Using 15 years of NOAA’s Fisheries Observer Program data, Center scientists Tom Good and Jason Jannot worked with longline fishermen and vessel captains to study methods of reducing impacts to albatross and other seabirds in the U.S. West Coast sablefish fishery. Results of their research have been published in Fisheries Research.
Longlines and Seabirds
A commercial fishing longline can be miles long and carry thousands of hooks. In addition to catching targeted species of fish, longlines ensnare other unintended species, known as bycatch. This can include sea turtles, marine mammals, and even birds.
Among the latter are several species of albatross—large, gull-like birds that spend up to 90% of their lives soaring above the Pacific Ocean. These endangered birds are particularly at risk of becoming bycatch.
“As a group, they’re the most endangered seabirds,” said Tom Good, a fisheries biologist and seabird expert at the Northwest Fisheries Science Center. “And bycatch is one of the top factors.”
He and a team of researchers, including scientists from Oregon State University, Oregon Sea Grant, and the U.S. Fish and Wildlife Service, have been working with commercial fishermen to find methods of reducing seabird bycatch along the West Coast, where fishermen attach floats to longlines as a way of better targeting certain species of fish, particularly sablefish.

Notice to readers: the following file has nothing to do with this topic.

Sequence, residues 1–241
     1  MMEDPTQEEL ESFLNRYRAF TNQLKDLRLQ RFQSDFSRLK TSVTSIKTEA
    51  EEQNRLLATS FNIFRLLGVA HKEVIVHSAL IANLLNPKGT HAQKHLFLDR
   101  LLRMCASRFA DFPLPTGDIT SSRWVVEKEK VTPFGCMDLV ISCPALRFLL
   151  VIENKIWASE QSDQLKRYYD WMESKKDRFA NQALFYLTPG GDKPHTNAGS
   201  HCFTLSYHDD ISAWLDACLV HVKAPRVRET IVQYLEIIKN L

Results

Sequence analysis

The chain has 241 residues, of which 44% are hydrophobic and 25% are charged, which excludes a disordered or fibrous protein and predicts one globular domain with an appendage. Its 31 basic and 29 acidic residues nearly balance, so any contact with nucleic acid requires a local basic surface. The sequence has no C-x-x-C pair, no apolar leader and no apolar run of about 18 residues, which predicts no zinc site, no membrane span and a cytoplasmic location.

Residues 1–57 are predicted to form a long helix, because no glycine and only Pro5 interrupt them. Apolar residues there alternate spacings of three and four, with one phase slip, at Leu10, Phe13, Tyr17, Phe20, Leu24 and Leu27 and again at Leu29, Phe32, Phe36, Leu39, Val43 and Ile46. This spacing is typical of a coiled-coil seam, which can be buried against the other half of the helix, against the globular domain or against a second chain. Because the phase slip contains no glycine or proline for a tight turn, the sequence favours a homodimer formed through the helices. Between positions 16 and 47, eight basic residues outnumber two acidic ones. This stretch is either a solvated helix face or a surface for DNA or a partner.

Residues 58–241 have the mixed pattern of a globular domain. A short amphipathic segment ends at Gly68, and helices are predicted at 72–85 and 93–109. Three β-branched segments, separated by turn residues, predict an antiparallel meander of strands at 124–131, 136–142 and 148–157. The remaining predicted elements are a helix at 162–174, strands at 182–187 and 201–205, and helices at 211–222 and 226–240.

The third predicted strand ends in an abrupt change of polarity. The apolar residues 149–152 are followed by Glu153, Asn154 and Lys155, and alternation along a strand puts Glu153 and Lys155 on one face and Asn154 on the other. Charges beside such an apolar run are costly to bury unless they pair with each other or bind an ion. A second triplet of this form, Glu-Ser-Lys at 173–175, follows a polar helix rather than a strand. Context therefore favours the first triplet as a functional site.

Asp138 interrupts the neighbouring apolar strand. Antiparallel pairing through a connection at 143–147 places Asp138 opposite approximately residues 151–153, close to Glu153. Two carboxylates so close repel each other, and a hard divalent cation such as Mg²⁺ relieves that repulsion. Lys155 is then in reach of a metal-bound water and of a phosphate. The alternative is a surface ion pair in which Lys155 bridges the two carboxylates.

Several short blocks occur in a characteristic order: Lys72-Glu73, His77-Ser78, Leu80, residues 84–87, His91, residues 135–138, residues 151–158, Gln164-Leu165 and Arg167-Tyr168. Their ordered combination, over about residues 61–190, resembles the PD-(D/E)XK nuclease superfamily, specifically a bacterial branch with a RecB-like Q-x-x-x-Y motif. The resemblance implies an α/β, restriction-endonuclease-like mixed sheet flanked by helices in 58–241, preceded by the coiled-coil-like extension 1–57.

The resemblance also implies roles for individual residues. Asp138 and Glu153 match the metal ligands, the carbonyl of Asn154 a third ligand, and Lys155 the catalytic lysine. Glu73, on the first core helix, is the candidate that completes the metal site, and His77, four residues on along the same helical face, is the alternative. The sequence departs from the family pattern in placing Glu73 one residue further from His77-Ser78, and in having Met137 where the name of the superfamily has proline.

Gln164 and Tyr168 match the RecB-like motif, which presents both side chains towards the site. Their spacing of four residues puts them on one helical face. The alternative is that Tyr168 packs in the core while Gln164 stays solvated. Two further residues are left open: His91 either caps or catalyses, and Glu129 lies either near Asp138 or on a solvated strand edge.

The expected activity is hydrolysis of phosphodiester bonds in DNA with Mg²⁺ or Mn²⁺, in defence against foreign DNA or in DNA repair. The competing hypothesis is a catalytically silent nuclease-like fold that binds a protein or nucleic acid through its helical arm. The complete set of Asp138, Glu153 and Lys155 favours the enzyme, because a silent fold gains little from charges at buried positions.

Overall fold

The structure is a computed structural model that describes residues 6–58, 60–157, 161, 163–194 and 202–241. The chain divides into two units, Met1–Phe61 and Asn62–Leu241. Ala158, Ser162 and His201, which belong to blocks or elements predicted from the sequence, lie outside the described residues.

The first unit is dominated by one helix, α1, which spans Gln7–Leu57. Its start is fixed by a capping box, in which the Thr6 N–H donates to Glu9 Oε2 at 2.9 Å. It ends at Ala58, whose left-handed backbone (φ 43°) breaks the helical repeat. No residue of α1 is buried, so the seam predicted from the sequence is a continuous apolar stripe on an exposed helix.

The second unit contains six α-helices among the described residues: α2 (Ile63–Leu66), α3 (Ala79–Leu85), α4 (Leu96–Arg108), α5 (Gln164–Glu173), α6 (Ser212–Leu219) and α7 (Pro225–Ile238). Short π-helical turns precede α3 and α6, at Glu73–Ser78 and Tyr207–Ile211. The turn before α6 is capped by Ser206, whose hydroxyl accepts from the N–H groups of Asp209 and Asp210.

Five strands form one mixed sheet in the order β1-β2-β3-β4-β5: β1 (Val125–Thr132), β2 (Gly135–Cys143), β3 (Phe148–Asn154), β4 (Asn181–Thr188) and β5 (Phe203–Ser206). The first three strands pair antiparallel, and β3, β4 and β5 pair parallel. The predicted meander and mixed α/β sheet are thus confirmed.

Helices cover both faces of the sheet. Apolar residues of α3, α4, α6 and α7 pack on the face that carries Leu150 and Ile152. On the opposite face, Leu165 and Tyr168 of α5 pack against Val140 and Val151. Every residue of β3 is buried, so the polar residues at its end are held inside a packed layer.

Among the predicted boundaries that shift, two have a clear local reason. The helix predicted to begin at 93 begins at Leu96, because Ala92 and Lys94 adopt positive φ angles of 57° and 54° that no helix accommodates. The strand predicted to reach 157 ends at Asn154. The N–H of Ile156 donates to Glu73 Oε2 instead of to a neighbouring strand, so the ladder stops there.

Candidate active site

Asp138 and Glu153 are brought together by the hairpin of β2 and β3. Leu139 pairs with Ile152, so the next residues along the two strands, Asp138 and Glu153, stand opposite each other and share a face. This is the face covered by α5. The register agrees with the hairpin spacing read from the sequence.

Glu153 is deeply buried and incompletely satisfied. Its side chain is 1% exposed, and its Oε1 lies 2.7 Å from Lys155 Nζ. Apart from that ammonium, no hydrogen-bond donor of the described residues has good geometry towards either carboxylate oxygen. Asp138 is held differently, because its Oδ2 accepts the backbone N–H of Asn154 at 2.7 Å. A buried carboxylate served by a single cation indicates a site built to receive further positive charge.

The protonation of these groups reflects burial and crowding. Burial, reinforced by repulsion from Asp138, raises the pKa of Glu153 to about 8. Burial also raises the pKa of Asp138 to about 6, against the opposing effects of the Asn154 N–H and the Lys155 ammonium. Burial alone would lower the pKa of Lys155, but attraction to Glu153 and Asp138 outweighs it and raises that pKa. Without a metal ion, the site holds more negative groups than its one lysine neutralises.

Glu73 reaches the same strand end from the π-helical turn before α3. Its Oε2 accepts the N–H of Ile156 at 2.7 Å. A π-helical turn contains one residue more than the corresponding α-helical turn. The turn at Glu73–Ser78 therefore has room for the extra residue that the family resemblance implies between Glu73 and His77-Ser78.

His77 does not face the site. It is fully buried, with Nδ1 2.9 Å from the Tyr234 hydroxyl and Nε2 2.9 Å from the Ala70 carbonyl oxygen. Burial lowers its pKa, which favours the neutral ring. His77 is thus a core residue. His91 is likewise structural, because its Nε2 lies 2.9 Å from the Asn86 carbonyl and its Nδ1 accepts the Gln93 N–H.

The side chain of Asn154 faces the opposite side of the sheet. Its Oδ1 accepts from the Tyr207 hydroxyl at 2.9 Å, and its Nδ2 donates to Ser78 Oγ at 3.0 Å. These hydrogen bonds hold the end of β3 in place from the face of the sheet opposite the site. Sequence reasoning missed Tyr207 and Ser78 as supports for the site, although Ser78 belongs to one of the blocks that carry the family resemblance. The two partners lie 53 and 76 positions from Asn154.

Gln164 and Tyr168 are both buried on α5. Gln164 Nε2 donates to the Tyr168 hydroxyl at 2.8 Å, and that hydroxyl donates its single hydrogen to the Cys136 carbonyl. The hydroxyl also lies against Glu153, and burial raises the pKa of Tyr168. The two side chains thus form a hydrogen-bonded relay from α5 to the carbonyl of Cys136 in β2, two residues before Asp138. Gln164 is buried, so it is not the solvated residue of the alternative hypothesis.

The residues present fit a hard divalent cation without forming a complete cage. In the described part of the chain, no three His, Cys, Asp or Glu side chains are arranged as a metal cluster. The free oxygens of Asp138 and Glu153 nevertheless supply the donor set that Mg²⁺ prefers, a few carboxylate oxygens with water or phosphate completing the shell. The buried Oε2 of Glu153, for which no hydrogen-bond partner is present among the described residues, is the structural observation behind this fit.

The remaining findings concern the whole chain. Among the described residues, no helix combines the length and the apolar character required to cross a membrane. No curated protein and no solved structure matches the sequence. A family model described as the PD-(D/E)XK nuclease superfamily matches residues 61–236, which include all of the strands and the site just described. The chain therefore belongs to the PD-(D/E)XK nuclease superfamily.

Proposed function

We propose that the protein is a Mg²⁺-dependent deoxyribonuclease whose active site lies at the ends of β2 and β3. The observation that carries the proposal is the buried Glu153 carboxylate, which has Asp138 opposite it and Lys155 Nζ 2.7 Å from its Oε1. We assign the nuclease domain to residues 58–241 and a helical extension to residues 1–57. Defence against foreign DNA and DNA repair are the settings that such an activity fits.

One such method scares birds away with streamer lines—essentially a set of ribbons or tubes that flap in the wind, frightening the birds so they stay safely back from the hooks. One of Good’s colleagues, Ed Melvin, worked with fishing fleets in Alaska to develop these lines for commercial use, and they were a great success. “It was really a huge problem in Alaska,” said Good, “and then it became almost a non-issue in the fisheries that adopted these lines.”
So why not simply ask West Coast fishermen to use streamer lines? It turns out that floats on the West Coast longlines reduce the effectiveness of the streamer lines, rendering them almost useless.
“As the study showed, it takes longer for these floated lines to sink out of reach of the birds,” Good explained. “The line pays out longer behind the boat before sinking, past the point where the streamers are effective.”
What is “Night?”
In 2014, NMFS recommended that streamer lines be required in West Coast fisheries. The public was invited to comment, and some fishermen wondered why streamer lines should be mandatory when the same effect could be achieved simply by fishing at night.
Jason Jannot works with the Fisheries Observation Science Program at NWFSC as a research analyst. As he put it, “This was really a comment from the fishermen. When they realized that this rule might come through, they said, ‘Hey, wait a minute, I fish at night and I don’t catch any birds.’ So then the West Coast Region came to us and said, ‘Ok, can you guys check on this? Can you find out whether there are birds being caught at night?’”